When thinking of a muse in poetry, most people encourage going outside of the genre. Dwelling in other writing styles or even art forms can generate a different type of creative inspiration that being knee deep in the craft may not always provide. One of the most common themes in my poetry is cartoon characters. Some of these characters appear on TV, comic books, or both.

From the surface, it may seem like these references are merely that. But in actuality, the work goes much deeper. While I enjoy these storylines on the macro level, I have also been influenced by them on a micro level. I always knew that I loved the Silver Surfer cartoon, but it was not until Disney+ revamped the series for its subscribers. 

Upon giving Disney/Marvel/ESPN/ABC or whomever my dollars, I dived right into the beauty of Silver Surfer the animated series, originally airing on FOX. I remember being frustrated this show was cut short. I remember that I still loved it anyway. The 3-D graphics were absolutely fantastic. The writing is also great. In fact, it is the poetically crafted inner monologues of the Silver Surfer that must’ve entrapped my consciousness back then. I realize now he was a poet on this show. I must have loved this element as well, because I was writing poems as early as age 8. This show aired when I was around 10.

After watching this treasured gem of two seasons I decided I would write a poem about the Silver Surfer. I did not know when I would publish it, or where for that matter. But it was important nonetheless that it was written. I think the biggest mistake writers fall victim to is leaning into the capitalistic sides of being an artist. With intention, this can be logical. Without it however, you might as well be floating across the galaxy like the Silver Surfer trying to make your way back home. If this poem was never published, it still needed to be written.

Fast forward about a year, and I discovered one of my publisher’s was putting together an anthology for Marvel characters. I knew this was my shining moment to get my metal boy Norrin Radd on the page with this ode. Unfortunately I was wrong. The poem was rejected, for another Silver Surfer poem. It’s important we understand that sometimes our work did not make it because there was something else just like it—and that’s okay. Rejection makes our work better.

I took time to revise the poem after it did not make it into the anthology. Now I share my muse, with you here’s my ode to Norrin Radd, the Silver Surfer.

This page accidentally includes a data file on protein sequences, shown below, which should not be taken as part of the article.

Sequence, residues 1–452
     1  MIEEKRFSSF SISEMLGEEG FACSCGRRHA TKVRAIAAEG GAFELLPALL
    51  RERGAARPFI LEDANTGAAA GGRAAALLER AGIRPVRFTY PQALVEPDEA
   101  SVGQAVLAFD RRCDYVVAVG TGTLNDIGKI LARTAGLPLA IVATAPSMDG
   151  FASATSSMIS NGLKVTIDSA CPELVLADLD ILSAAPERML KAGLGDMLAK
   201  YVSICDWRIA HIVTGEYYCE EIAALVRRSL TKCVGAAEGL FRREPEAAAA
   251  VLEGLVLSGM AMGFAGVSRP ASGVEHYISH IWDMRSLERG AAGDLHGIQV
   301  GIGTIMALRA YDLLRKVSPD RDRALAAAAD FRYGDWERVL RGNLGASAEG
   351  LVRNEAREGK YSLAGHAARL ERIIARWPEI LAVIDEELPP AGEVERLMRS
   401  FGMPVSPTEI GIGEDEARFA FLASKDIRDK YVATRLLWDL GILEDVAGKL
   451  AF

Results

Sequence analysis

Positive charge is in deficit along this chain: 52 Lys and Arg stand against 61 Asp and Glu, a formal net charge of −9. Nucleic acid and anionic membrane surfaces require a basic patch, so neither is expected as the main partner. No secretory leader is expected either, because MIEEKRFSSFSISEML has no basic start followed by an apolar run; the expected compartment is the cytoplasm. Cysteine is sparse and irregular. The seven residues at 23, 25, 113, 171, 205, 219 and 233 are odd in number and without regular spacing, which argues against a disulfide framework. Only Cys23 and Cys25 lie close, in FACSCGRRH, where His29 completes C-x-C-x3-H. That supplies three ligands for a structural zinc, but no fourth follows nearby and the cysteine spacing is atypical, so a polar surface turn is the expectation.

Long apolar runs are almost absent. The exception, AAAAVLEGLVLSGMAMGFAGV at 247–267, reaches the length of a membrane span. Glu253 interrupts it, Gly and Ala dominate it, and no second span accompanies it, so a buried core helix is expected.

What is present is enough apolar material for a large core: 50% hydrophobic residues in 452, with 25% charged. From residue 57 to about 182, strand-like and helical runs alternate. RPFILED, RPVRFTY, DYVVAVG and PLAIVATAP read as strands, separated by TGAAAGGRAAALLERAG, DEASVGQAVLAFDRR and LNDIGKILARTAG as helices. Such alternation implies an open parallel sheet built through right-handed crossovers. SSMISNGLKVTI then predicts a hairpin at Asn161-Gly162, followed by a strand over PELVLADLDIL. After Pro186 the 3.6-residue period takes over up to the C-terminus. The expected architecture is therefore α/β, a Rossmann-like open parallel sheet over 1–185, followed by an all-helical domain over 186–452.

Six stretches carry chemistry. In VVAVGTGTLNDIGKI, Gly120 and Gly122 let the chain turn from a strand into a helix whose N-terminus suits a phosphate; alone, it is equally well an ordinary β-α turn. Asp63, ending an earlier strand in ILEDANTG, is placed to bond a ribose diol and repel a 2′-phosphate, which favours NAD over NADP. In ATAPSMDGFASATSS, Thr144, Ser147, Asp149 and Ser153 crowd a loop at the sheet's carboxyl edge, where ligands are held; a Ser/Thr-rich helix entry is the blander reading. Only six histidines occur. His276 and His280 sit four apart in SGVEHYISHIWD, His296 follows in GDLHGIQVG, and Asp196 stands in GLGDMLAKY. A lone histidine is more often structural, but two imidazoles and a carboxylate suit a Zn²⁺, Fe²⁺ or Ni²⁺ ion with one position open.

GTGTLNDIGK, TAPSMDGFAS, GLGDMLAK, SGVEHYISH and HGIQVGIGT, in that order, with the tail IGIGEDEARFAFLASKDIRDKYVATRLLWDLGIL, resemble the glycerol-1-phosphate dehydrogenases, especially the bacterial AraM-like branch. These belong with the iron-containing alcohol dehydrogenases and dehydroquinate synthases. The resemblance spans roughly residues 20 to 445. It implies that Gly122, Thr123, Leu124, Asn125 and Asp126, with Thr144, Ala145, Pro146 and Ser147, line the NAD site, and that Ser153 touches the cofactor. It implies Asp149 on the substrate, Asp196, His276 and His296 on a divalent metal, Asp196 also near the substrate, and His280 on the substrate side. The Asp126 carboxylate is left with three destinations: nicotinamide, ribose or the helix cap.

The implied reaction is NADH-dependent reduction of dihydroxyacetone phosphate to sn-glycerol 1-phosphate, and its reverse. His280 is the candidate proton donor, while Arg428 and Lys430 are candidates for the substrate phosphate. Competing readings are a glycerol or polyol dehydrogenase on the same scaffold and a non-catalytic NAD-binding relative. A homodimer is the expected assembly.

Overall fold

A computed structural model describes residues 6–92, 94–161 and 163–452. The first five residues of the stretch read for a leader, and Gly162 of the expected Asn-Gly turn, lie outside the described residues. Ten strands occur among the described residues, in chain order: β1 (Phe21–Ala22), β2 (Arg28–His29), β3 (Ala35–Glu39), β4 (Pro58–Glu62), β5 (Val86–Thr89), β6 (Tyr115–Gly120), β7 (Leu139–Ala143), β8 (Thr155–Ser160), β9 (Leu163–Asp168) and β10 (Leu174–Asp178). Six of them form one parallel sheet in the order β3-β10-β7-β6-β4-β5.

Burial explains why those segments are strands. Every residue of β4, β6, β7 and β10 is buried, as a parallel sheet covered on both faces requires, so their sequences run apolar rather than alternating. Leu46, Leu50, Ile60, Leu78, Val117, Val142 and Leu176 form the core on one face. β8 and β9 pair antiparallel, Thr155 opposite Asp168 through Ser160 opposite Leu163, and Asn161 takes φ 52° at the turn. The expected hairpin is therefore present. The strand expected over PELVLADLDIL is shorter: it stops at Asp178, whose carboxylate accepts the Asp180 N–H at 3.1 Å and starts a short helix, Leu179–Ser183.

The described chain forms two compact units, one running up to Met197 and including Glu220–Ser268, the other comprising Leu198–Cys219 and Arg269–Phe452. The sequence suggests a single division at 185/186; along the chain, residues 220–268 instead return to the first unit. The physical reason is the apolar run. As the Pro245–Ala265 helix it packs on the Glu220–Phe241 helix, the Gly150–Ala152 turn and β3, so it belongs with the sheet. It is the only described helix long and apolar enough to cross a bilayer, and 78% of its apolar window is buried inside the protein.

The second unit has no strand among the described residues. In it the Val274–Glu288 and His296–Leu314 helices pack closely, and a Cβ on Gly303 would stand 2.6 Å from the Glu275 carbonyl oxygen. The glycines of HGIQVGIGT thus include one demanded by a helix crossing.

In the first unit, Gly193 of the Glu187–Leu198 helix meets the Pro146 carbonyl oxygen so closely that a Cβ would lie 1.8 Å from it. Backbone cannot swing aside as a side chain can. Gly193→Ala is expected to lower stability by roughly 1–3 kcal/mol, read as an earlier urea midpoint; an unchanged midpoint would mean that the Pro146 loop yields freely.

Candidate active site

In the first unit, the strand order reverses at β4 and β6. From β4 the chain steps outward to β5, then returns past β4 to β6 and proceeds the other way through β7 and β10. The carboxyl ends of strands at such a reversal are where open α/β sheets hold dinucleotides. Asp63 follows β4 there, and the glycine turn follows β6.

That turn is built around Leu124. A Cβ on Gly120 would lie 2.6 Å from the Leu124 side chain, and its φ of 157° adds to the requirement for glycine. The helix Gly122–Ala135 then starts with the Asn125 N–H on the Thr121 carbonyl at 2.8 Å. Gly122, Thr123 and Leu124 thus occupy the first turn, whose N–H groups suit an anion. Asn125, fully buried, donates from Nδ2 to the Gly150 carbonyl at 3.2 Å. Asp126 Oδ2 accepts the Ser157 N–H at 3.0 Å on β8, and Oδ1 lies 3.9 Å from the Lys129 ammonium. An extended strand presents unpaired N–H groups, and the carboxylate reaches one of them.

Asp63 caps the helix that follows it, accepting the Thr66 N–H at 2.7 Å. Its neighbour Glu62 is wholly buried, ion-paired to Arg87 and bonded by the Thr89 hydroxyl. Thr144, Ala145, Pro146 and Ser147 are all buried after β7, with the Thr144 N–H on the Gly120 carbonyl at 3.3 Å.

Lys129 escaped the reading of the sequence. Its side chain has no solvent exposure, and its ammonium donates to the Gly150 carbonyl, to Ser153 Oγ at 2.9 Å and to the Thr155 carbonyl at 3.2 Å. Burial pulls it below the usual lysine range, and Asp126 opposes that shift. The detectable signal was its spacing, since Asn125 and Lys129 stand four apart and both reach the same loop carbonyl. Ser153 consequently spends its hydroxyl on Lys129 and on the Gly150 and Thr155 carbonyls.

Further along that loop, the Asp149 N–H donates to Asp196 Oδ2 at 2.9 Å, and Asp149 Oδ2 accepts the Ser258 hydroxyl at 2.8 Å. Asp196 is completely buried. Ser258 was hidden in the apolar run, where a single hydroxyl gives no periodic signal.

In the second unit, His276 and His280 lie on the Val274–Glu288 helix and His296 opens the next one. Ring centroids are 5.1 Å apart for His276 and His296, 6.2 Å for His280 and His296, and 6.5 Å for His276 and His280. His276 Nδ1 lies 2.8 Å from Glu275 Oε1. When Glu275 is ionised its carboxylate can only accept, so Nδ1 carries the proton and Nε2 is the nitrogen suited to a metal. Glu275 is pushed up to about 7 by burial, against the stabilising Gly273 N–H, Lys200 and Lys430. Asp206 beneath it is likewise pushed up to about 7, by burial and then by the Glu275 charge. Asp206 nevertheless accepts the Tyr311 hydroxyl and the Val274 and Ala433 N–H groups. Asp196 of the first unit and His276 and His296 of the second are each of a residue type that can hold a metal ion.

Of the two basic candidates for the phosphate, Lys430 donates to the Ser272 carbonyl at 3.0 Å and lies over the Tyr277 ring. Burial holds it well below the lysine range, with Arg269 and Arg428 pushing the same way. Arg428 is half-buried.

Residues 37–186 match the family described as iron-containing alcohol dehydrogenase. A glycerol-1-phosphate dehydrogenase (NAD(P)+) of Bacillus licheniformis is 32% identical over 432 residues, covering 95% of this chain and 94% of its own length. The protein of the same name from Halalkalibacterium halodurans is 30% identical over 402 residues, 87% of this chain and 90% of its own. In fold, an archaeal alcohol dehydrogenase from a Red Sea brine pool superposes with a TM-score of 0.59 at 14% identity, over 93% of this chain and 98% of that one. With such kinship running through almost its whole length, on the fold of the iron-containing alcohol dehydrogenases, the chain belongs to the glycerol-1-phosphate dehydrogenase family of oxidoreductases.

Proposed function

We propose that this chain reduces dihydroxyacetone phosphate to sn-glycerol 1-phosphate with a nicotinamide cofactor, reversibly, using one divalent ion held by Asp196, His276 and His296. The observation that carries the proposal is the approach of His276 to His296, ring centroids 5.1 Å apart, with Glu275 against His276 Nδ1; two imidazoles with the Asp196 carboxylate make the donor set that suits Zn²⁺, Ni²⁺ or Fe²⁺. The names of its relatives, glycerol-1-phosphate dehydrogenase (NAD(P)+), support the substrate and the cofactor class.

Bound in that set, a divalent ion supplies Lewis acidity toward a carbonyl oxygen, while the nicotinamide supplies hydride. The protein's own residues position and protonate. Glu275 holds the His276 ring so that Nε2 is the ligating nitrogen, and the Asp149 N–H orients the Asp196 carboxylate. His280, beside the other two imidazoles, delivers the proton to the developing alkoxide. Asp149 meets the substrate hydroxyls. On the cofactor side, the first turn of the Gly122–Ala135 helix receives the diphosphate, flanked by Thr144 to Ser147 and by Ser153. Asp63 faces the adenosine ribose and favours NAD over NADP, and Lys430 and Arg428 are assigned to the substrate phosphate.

Silver Surfer is the Most Underappreciated Jewel Inside the Disney Vault

My hero hangs ten off milky way constellations,
surfing across the galaxy like Kelly Slater!
Crusin’ on a platinum hoverboard protecting planets.
The phantom of Jack Kirby’s space opera fantasy.

O’ Silver Surfer, soul mate of the solar system,
unsung superhero who tuned Thanos into moon
pebbles with one swat! We laughed, as the intergalactic
tyrant faded from our telescope lenses branded Hubble.

How could you not love this metal man?
He can soar higher than any SpaceX shuttle,
& he’ll never need a suit or NASA ship to kiss
the moon right on her glossy cratered lips.

When he’s not fighting intergalactic enemies
our chrome dome king reflects over existential
questionsbecause he is a celestial poet
pondering over the ethics of obliterating villains.

He only glistened for 13 underfunded FOX episodes
& in every stinking film he is just a background guy,
a metallic movie extra aiding another crappy
Fantastic 4 movie. Thanks, Hollywood.

Our boy Norrin never got the proper respect he’s owed.
He just sits in the black hole atrium of the Disney vault
plopped in frustration next to the ashy ass Gargoyles.
I hope one day he gets the box office blockbuster he deserves.



Chris L. Butler (he/him) is 3 time Pushcart Nominee, Afro-Dutch poet and essayist from Philadelphia, PA and Houston, TX. He is the 2021 Kurt Brown Diverse Voices Fellow at the Solstice MFA Program, and the Associate Poetry Editor at Bending Genress. Chris is the author of BLERD: '80s BABY, '90s KID (Daily Drunk Press, 2021)

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